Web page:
Halloween is fast approaching, so I’ve picked out some streaming options that are a bit off the beaten path, though not completely obscure. Chances are you’ve seen (or at least been recommended) all the classics—your Psychos, your Texas Chain Saw Massacres, your Nightmare on Elm Streets. Most of these films skew more modern, with only two from the 20th century. Some are quite horrifying, whereas others are merely creepy—not that there’s anything wrong with that.
Funny Games (Dir. Michael Haneke, 1997)
Though not a horror film per se, and nowhere near as bloody as some of the films on this list, Michael Haneke’s Funny Games is nevertheless chilling and completely devoid of hope. An Austrian family returns for a visit to their lake house, but two young men invite themselves into the house unannounced. They commence by terrorizing and torturing the family. Haneke is also torturing the viewer, daring us to turn off the film. Anyone who’s seen the iconic scene with a remote knows it’s just not that simple.
Note: Haneke directed a shot-for-shot remake of the film ten years later using an English-speaking cast and an American crew. I prefer the original version, but both versions are effective treatises on violence and media. You can stream the original Funny Games only on FilmStruck at the moment, but the remake is easier to find. You can stream the 2007 version on Netflix, or rent on Amazon, iTunes, Vudu, and Google Play.
The Eyes of My Mother (Dir. Nicolas Pesce, 2016)
Black & white cinematography isn’t reserved for creaky old monster films. Director Nicolas Pesce uses gorgeous textures and lighting for his story of a young girl warped by family traumas. This gory yet beautiful film shows the extremes some people will go just to find a friend. Stream The Eyes of My Mother on Netflix, or rent on Amazon, iTunes, Vudu, and Google Play.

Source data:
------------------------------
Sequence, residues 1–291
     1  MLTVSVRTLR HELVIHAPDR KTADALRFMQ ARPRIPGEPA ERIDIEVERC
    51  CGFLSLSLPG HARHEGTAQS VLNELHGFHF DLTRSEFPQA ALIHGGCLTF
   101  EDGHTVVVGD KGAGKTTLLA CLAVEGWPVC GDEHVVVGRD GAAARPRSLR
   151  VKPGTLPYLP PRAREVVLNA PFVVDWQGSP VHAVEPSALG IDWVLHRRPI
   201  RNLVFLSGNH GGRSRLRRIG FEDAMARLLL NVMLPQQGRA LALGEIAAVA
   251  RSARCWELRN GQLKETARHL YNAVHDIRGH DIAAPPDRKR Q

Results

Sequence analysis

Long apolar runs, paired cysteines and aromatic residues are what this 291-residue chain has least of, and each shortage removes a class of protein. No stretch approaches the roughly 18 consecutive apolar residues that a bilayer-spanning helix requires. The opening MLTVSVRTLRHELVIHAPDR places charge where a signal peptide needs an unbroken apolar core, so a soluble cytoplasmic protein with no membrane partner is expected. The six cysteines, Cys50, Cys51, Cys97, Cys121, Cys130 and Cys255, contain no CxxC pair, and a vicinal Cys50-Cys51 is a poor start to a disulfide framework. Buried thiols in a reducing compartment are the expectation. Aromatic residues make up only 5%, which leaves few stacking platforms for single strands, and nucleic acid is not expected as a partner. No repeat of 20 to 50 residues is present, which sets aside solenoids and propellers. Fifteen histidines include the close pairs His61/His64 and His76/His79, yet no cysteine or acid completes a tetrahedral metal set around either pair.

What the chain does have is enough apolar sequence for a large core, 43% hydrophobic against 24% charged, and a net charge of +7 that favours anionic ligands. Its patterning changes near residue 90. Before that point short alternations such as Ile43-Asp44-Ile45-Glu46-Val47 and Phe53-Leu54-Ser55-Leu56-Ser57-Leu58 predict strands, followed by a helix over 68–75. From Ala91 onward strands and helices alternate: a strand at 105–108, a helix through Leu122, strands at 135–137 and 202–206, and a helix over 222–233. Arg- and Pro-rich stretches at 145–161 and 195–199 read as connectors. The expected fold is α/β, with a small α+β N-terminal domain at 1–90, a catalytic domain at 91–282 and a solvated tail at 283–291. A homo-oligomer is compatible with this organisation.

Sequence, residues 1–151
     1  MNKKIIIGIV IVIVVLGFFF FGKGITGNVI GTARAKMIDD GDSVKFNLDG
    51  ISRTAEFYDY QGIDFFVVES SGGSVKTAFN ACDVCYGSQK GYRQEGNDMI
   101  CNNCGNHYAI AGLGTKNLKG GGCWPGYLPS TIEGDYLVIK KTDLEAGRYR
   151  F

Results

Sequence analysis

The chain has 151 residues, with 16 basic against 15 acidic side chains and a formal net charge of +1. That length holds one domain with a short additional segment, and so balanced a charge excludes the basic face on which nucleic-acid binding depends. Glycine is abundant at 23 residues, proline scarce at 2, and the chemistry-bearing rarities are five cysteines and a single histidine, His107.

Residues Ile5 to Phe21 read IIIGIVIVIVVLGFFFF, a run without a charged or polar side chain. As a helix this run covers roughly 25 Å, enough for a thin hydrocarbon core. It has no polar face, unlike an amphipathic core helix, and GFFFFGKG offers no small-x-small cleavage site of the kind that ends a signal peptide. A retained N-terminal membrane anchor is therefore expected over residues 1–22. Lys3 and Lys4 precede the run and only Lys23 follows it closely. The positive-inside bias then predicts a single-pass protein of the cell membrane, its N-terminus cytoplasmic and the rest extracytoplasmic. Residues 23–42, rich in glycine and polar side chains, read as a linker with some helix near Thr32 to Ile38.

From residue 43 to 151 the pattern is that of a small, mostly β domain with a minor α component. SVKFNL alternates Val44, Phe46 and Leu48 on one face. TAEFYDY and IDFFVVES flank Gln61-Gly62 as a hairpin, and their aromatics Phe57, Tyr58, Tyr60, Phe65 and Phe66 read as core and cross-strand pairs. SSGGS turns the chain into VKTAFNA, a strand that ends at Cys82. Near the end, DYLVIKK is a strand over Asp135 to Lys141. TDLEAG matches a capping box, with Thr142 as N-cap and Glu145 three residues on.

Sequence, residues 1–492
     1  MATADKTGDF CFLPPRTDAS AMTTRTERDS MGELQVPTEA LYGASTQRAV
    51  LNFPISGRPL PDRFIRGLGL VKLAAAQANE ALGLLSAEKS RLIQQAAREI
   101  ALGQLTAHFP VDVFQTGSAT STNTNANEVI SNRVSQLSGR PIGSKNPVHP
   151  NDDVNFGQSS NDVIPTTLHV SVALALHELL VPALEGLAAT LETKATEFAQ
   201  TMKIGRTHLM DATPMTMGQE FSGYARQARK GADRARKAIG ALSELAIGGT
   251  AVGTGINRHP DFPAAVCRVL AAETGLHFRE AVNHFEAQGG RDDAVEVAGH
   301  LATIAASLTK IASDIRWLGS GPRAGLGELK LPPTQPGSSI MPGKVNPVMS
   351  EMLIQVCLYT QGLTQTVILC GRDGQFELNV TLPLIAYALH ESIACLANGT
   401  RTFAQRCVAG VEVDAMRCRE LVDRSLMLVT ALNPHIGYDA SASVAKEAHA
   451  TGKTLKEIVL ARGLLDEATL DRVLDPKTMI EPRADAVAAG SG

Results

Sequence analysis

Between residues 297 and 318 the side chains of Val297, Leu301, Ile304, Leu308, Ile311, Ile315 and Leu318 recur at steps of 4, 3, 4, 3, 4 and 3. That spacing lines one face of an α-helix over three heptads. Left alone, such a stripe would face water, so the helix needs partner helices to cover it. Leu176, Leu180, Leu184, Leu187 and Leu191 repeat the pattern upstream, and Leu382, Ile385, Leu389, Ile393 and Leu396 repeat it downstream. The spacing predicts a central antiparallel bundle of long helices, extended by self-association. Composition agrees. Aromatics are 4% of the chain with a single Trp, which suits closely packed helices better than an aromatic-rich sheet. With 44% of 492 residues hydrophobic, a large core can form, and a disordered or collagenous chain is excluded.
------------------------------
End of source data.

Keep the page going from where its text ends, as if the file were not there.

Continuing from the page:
House (Dir. Nobuhiko Obayashi, 1977)
This movie is batshit crazy—it’s hard to say much else about it. Technically it’s the story of a young Japanese girl and her schoolmates journeying to visit an ailing aunt, but that synopsis has little in common with the actual film. House is more interested in evil cats and pianos that eat people than linear storytelling. It’s insane cheesiness pretty much demands a group viewing—and plenty of weed. Stream House on FilmStruck, or rent on Amazon, iTunes, and Vudu. Criterion also has a nice Blu-ray/DVD edition, although the obscurity of the film means it’s not filled with special features like most of their releases.
The Strangers (Dir. Bryan Bertino, 2008)
This one won’t necessarily be obscure for horror connoisseurs, but it’s extreme nature has prevented it from gaining a foothold with more mainstream viewers. Director Bryan Bertino works with well-tread horror tropes—there’s a couple alone in a house in the woods, plus three masked strangers who begin to intrude. Bertino’s masterstroke is to take his time, allowing the horror to build slowly until it’s unbearable. Stream The Strangers on HBO, or rent on Amazon, iTunes, Vudu, and Google Play.
Berberian Sound Studio (Dir. Peter Strickland, 2012)
I toyed with including a giallo film, a genre of super-stylized Italian slasher film, but opted instead for Peter Strickland’s stylish and atmospheric Berberian Sound Studio. It’s an homage to giallo films, in which a British sound designer (Toby Jones) travels to Italy to work on a film. He thinks it’s going to be about horses, but it’s actually a horror film. The erratic post-production experiences wears him down until his reality and the film’s begin to merge. One of the great but underseen films about film. And if you’re looking for a spooky soundtrack for your Halloween party, but think The Shining‘s soundtrack might be a bit much, look up Broadcast’s excellent score. Rent Berberian Sound Studio on Amazon, iTunes, and Google Play.